DWD hopes to see $600 federal unemployment bonus continue

The Wisconsin Department of Workforce Development received 795,000 unemployment claims since March 15 or 4.6 million weeks of recurring claims, nearly three times the number of claims in all of 2019.

DWD Secretary Caleb Frostman told a Greater Madison Chamber of Commerce briefing the agency has hired and trained up to 1,400 new staff since March to help process those claims. However, the department is still facing a backlog. 

“We have about 4.6 million weeks of unemployment insurance claims, so that’s recurring claims, and of those 4.6 million, we’ve resolved about 4 million — we’ve paid or denied them — so that means 12.5 percent of folks that have filed are in adjudication,” Frostman said. 

He said that Wisconsin is known for having one of the most complex set up laws that require DWD to determine eligibility, and the “bareboned” staff had experienced a surge it had never seen before. That caused the backlog, he said.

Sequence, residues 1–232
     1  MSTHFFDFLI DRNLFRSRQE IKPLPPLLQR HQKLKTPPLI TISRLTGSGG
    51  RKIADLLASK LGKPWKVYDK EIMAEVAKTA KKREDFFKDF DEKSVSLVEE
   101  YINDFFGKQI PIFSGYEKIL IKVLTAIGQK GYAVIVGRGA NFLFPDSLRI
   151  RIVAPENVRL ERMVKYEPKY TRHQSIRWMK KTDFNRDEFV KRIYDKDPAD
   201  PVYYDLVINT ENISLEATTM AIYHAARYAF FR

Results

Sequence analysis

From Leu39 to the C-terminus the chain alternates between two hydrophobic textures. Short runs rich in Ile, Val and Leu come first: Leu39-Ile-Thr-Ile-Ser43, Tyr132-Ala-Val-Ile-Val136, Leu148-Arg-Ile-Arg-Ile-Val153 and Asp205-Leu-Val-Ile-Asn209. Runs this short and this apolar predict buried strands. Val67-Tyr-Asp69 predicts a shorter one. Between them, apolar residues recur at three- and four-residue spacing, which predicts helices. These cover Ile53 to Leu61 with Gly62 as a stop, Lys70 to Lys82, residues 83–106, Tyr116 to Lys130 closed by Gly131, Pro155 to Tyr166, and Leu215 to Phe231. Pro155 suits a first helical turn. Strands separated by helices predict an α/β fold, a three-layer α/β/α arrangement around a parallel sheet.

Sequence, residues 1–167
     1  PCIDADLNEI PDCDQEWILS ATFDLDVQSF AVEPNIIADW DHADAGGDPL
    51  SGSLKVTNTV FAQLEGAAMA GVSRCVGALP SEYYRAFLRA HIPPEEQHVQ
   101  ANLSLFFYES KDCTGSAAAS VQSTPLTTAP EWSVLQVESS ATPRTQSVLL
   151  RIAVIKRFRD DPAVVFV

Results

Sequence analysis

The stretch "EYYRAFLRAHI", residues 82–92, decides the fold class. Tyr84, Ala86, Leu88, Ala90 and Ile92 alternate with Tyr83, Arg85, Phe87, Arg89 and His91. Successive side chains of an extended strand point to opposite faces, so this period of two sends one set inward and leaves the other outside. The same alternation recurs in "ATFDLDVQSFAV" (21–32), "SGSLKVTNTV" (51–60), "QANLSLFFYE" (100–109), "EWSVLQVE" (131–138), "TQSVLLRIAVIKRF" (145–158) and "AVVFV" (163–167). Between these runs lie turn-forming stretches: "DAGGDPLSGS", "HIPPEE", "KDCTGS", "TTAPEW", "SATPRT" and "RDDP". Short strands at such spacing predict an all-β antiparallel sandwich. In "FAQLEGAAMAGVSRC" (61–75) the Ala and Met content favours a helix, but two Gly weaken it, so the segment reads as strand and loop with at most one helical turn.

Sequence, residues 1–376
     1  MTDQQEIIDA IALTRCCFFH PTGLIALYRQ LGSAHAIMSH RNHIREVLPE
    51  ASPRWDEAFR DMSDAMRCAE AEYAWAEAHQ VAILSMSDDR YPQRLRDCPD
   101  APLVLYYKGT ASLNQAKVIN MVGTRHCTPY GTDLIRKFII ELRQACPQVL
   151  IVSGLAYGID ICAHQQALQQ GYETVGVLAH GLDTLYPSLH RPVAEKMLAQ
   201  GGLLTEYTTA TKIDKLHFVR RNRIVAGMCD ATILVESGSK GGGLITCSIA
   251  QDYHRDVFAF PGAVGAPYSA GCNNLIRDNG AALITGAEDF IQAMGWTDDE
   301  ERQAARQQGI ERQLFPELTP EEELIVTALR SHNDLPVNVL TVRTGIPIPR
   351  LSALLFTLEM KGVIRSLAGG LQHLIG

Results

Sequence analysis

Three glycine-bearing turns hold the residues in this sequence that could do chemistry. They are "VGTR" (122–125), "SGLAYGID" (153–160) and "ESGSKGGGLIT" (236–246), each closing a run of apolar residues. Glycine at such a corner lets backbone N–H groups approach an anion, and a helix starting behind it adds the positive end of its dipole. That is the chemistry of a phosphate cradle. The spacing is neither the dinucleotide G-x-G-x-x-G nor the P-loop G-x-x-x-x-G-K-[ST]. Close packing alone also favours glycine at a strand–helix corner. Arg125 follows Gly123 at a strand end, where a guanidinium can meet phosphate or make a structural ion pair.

With the Federal Pandemic Unemployment Compensation program of $600 per week from the federal government expiring tomorrow, Frostman said many unemployed workers would experience a setback. He said he’s hopeful Congress will continue to provide supplementary assistance. 

“If that’s not renewed or some substitute isn’t delivered from the federal government, that’s really challenging,” Frostman said. “The maximum you can get per week in Wisconsin is $370. Those folks will go from living on $970 a week down to $370 a week. That’s going to have a huge impact on families but also on consumer spending in Wisconsin. Our economies will really lag — consumer spending is the largest component of GDP.”

He noted that there’s some appetite in Congress to do something at a lower level than $600 a week, and he would like to see the current supplement continue. But the key to economic stability, Frostman said, is to have coronavirus under control. 

“We look at what is going to be the greatest determinate for ensuring economic stability, and to return to semi-normalcy, we have to have COVID under control before that happens,” he said.

-By Stephanie Hoff